When female hormones are mentioned, most women immediately think of estrogen. However, progesterone is as important during the menstruation years and as beneficial during the menopausal years. Levels of progesterone actually decline faster than estrogen levels in the perimenopausal years, which results in irregular menses, mood swings, vaginal dryness, and hot flashes. For this reason, progesterone is often preferred over estrogen as the initial hormone replacement treatment for menopausal symptoms.
Progesterone performs the following functions:
- Acts as a natural diuretic and natural antidepressant
- Assists thyroid hormone function
- Body uses progesterone to make other hormones, such as estrogen, testosterone, and cortisol
- Maintains the lining of the uterus
- Normalizes blood clotting, blood sugar levels, and zinc and copper levels
- Promotes bone building and fat burning for energy
- Protects against fibrocystic breasts, endometrial cancer, breast cancer, and osteoporosis
All conventional progesterone replacement products contain synthetic progesterone known as progestin. People often refer to progestin as progesterone, but this is incorrect. Progestin is a synthetic compound that does not have the same chemical structure as the progesterone found in the female body. As with estrogen, this difference in chemical structure causes sides effects. There are different progestins on the market. Natural progesterone converted from plants in a laboratory is considered progesterone because it is identical in structure to human progesterone. It is tolerated very well by most women.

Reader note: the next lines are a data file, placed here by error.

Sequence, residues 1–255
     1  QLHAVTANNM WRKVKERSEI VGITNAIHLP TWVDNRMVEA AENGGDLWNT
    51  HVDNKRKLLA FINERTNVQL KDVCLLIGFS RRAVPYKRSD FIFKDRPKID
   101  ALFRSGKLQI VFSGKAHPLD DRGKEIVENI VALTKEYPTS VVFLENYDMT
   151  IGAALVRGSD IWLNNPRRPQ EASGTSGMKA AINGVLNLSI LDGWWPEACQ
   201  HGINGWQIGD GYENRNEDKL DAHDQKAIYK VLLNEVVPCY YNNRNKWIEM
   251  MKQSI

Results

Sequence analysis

Possible side effects of progestins include the following:
- Breast cancer, breast tenderness, milk production
- Blood clots
- Fluid retention
- Hair loss or unwanted facial hair
- Impaired glucose tolerance
- Menstrual irregularities
- Skin rash
- Weight gain
Progesterone can be applied topically as a cream (available over the counter or by prescription) or taken (available by prescription) as an oral micronized progesterone (OMP) capsule. A minimum of 40 mg 2 times daily is required to oppose estrogen adequately and to protect the uterus. Note: 10 mg of a synthetic progestin is equivalent to approximately 200 mg OMP.
Perimenopausal women can also use natural progesterone cream to manage menopausal symptoms. The amount of progesterone used closely approximates the normal progesterone balance in a menstruating woman. The cream is applied to the palms, inner arms, chest, or inner thighs. Progesterone cream should be used only to treat menopausal symptoms and not to oppose estrogen or to prevent heart disease, osteoporosis, or reproductive cancers. For those functions, higher doses of progesterone are required that can be obtained from oral micronized progesterone.
Natural estrogen and progesterone formulations are made from a physician-s prescription in a compounding pharmacy (a pharmacy that prepare drugs from separate ingredients) in the form that is best suited for the patient. Different proportions of estrogens and progesterone can be compounded by the pharmacist, which allows the physician to individualize hormone supplementation treatments.